The problem is that because everyone is still actually sharing a physical network connection all that traffic gets mixed up on the wire. At the physical layer, every packet is the same regardless of what payload it’s carrying. But the reality is that some packets are more “important” in the sense that some will be extremely time sensitive. A request to provision a service that’s under increasing load is more important than many application requests but both look the same to the routers and switches that get those packets from point A to point B within a cloud computing environment.
As cloud computing providers and enterprises get better at automating the provisioning and elastic scalability processes, the packets that make up requests for such operational tasks will become increasingly time sensitive and important to ensuring operational efficiency and success.
The problem, as once reared its ugly head before, is that all that traffic – customer and operational – is running over HTTP. REST, SOAP, whatever. The APIs that make it possible to provide “compute as a service” are almost unilaterally implemented using a combination of HTTP and REST or SOAP-based architectural principles. And so are the applications running in the cloud. Everything is running over HTTP and thus, as with bandwidth management challenges in the past, it becomes increasingly difficult to distinguish traffic without inspecting its payload.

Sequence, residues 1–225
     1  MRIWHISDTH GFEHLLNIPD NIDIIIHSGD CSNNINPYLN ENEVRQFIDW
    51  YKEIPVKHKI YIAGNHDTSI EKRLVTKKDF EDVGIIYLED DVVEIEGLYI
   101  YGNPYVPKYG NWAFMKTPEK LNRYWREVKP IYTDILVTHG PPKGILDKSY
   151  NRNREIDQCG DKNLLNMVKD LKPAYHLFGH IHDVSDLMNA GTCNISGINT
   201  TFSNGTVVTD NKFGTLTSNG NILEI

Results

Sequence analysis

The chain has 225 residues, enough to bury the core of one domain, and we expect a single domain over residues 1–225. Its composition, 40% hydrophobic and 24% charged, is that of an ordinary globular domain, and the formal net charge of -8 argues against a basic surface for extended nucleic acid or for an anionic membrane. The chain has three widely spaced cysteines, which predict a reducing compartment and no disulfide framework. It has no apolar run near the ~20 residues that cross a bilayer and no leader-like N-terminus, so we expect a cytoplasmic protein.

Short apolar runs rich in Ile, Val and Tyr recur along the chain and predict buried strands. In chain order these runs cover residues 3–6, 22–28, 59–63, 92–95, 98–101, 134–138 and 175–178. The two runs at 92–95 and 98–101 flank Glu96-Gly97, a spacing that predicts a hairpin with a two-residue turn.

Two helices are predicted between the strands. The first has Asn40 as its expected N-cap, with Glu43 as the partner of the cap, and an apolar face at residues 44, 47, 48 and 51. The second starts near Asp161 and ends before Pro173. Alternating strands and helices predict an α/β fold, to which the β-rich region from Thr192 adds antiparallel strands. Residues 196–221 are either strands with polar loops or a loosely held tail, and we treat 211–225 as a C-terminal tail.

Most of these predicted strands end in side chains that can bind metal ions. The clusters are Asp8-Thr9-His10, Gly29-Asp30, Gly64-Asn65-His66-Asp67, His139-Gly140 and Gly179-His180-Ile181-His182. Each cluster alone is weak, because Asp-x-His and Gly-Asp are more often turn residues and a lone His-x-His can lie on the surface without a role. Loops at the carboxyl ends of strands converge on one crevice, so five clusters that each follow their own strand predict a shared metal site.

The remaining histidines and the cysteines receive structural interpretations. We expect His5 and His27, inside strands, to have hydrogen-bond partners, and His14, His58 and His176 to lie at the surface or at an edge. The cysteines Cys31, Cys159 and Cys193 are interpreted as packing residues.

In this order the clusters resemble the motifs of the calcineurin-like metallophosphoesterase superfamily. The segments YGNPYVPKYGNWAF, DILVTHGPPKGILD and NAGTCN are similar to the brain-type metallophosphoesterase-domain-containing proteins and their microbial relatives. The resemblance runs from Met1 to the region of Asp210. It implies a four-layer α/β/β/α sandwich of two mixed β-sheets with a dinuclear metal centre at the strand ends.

And payload inspection always adds latency. It may be only microseconds but it’s still latency. And if every router has to do it, well, microseconds eventually add up to seconds. And when we’re talking about ensuring the order of operations in a provisioning process, those seconds can make a big difference.
It could be that the solution lies in out-of-band management networks. If not physically at least logically separated network channels that are by default prioritized and therefore will never get stuck in a traffic jam trying to get to location “C” because the application at location “A” is physically on the same network and heavily oversubscribed at the moment an important management request is trying to get to “C”. This would, however, add another layer of complexity to the management of not just the physical but the logical network. Complexity that is almost always translated into higher costs, which of course gets passed on to the customer.